Yemen is a nightmare, a catastrophe, a mess – and the United States is highly complicit in the whole disaster. Refueling Saudi aircraft in-flight, providing targeting intelligence to the kingdom and selling the requisite bombs that have been dropped for years now on Yemeni civilians places the 100,000-plus deaths, millions of refugees, and (still) starving children squarely on the American conscience. If, that is, Washington can still claim to have a conscience.
The back story in Yemen, already the Arab world’s poorest country, is relevant. Briefly, the cataclysm went something like this: Protests against the U.S.-backed dictator during the Arab Spring broke out in 2011. After a bit, an indecisive and hesitant President Obama called for President Ali Abdullah Saleh to step down. A Saudi-backed transitional government took over but governed (surprise, surprise) poorly. Then, from 2014 to 2015, a vaguely Shiite militia from Yemen’s north swarmed southward and seized the capital, along with half the country. At that point, rather than broker a peace, the U.S. quietly went along with, and militarily supported, a Saudi terror-bombing campaign, starvation blockade and mercenary invasion that mainly affected Yemeni civilians. At that point, Yemen had broken in two.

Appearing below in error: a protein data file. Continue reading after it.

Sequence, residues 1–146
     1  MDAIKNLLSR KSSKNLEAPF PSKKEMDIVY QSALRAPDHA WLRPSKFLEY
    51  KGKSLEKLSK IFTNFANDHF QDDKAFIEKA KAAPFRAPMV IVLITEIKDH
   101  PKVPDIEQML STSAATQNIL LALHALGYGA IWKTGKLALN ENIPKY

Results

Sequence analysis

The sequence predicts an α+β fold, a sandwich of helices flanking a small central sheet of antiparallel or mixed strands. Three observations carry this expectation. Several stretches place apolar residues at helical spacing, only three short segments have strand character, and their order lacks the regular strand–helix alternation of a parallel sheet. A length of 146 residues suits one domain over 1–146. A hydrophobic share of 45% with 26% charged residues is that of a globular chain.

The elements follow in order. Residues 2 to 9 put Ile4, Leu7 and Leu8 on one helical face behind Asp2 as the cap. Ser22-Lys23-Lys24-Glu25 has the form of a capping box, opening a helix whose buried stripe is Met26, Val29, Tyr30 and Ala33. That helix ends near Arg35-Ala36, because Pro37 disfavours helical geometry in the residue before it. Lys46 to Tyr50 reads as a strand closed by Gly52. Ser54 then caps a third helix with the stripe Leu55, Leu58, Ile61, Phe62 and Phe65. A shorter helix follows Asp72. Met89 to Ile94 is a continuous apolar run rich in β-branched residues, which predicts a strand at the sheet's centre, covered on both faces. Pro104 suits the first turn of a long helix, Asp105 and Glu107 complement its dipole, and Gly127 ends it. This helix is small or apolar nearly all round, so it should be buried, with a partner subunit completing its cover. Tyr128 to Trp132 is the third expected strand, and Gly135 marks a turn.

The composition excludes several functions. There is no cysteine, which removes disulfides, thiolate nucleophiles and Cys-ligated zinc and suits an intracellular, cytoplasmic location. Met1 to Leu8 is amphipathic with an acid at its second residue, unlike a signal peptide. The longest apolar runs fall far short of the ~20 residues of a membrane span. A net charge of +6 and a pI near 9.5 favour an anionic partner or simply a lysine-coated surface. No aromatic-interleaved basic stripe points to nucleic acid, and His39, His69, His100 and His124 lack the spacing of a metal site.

Now, as the Saudi campaign has clearly faltered—despite killing tens of thousands of civilians and starving at least 85,000 children to death along the way—stalemate reigns. Until this past week, that is, when southern separatists (there was once, before 1990, a South and North Yemen) seized the major port city of Yemen, backed by the Saudis’ ostensible partners in crime, the United Arab Emirates. So it was that there were then threeYemens, and ever more fracture. In the last few days, the Saudi-backed transitional government retook Aden, but southern separatism seems stronger than ever in the region.
Like Humpty-Dumpty in the nursery rhyme, it’s far from clear that Yemen can ever be put back together again. Add to that the fact that al-Qaida-linked militants have used the chaos of war to carve out some autonomy in the ungoverned southeast of the country and one might plausibly argue that the outcome of U.S.-backed Saudi intervention has been no less than fourYemens.